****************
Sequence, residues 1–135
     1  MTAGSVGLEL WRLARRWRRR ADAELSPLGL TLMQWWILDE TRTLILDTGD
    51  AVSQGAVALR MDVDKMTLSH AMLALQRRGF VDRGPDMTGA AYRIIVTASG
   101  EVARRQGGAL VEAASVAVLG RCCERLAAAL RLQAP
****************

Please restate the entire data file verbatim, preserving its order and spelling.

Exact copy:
Sequence, residues 1–135
     1  MTAGSVGLEL WRLARRWRRR ADAELSPLGL TLMQWWILDE TRTLILDTGD
    51  AVSQGAVALR MDVDKMTLSH AMLALQRRGF VDRGPDMTGA AYRIIVTASG
   101  EVARRQGGAL VEAASVAVLG RCCERLAAAL RLQAP